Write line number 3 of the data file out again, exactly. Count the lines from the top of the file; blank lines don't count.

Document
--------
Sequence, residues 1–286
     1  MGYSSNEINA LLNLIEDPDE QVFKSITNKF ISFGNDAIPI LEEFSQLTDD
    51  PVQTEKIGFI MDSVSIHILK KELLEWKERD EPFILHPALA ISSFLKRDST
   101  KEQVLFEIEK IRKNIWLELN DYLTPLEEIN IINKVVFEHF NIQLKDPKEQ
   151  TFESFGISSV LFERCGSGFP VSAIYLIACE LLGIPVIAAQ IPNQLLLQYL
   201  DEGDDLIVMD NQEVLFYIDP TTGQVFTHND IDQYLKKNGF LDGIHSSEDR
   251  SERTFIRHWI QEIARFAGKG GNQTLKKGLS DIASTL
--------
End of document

    51  PVQTEKIGFI MDSVSIHILK KELLEWKERD EPFILHPALA ISSFLKRDST